Jailhouse rock

Billy Bragg's charity takes an unusual approach to prisoner rehabilitation

Prisoner rehabilitation is not the most fashionable of causes for pop stars to espouse. Which is why you have to admire singer Billy Bragg's efforts to recruit his colleagues on to a project offering hope to those locked up in Britain's jails.

Bragg has persuaded the likes of the Foo Fighters guitarist Chris Shiflett, the Clash co-founder Mick Jones and Dirty Pretty Things to stage a number of low-key concerts for inmates, a world away from the backslapping of most charity events. These have now been captured in Breaking Rocks, a new documentary about the charity Jail Guitar Doors, set up by Bragg to supply prisoners with guitars and the skills to use them, in order to help them on the outside.

In the film/ Jones and Bragg perform a version of the Clash's "Should I Stay Or Should I Go" and Bob Marley's "Redemption Song" at Brixton and Wormwood Scrubs Prisons in London. After one visit Jones says: "The guys were telling us how much this scheme had helped them move on from their previous lives before prison. It was really touching to think we've helped, even if it's in a small way."

The initiative is attracting a growing number of performers. Shiflett has led a guitar class at Brixton, while the indie band Hard-Fi hope to perform inside Feltham Young Offender Institution in west London -- the setting of "Feltham Is Singing Out", their song about the suicide of a petty thief on remand. Dirty Pretty Things held a workshop inside Brixton, and the Lincoln band Eastroad played at HMP Stocken, in Rutland.

But the principal aim of Bragg's charity is not to stage star-studded concerts, but to raise money for instruments. Guitars have already been donated to HMP Styal -- Britain's largest women's prison -- as well as Guys Marsh in Dorset, Pentonville, Wandsworth, the Verne on the Isle of Portland, Wormwood Scrubs and Reading Young Offender Institution.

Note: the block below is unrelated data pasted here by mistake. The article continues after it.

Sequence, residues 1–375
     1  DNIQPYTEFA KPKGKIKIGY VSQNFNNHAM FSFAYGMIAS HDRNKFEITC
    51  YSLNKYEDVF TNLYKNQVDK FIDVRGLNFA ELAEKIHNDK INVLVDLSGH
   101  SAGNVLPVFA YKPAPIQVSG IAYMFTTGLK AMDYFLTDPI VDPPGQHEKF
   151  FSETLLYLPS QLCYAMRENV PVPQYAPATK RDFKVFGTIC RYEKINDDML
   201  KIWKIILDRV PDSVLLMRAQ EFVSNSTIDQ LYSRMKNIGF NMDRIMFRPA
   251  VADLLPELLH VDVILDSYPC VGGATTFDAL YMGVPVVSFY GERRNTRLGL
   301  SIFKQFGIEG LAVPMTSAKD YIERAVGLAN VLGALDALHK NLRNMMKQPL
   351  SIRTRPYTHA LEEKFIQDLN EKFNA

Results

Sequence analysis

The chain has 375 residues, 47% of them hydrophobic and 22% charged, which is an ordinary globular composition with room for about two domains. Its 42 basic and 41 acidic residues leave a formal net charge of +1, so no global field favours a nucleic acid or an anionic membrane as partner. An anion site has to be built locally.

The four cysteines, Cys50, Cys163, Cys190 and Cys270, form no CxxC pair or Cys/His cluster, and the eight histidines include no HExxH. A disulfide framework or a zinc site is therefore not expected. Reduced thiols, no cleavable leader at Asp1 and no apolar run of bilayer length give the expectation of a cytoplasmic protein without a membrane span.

Bragg believes that mastering a guitar can offer a way out of the reoffending cycle into which so many prisoners fall. "I support punishment," he says, "but I also believe in rehabilitation. Prison has to be about much more than just locking people up. We want people to move on from their situation and reconnect with the outside world. Learning to play and write gives them self-confidence, which is very important in cutting reoffending. We're preparing them to deal with what life throws at them in a non-confrontational way."

Bragg and the film's director, Alan Miles, plan to screen the documentary -- whose title is taken from the opening words of the Bobby Fuller Four's classic "outlaw" song "I Fought the Law" -- at a number of jails next year. In one of the film's most moving scenes, Bragg introduces a former prisoner on to the stage at the Glastonbury Festival. The man, recently paroled from nearby HMP Shepton Mallet, soon has the crowd cheering as he performs a song he composed behind bars.

"The lifers at Shepton Mallet Prison over the hill hear the festival at night," Bragg tells them. "There are guys there who play guitar, and as musicians they know, as I know, that a guitar will help you transcend your surroundings and find a release."

"Breaking Rocks" is being screened at the Shortwave Cinema in Bermondsey, south-east London, on Sunday 22 November, then at venues nationwide in February.

 

Sign up to the New Statesman newsletter and receive weekly updates from the team.

Show Hide image

“Minoan pendant”: a new poem by Mark Granier

“Yes – I press my nose / to the pleasantly warm glass – / it’s a copy of one I saw / cased in the cool museum”

Yes – I press my nose
to the pleasantly warm glass –
it’s a copy of one I saw
cased in the cool museum –
gold beaten to honey, a grainy
oval dollop, flanked by two
slim symmetrical bees –

garland for a civilisation’s
rise and collapse, eye-dropped
five thousand years: a flash
of evening sun on a windscreen
or wing mirror – Heraklion’s
scooter-life buzzing and humming –

as I step in to browse, become
mesmerised by the warm
dark eyes of the woman
who gives her spiel and moves
softly and with such grace,
that, after leaving, I hesitate

a moment on the pavement
then re-enter with a question
I know not to ask, but ask
anyway, to hear her voice
soften even more as she smiles
and shakes her hair – no.

Mark Granier is an Irish poet and photographer. He is the author of four collections of poetry, most recently Haunt (Salmon).

This article first appeared in the 16 June 2016 issue of the New Statesman, Britain on the brink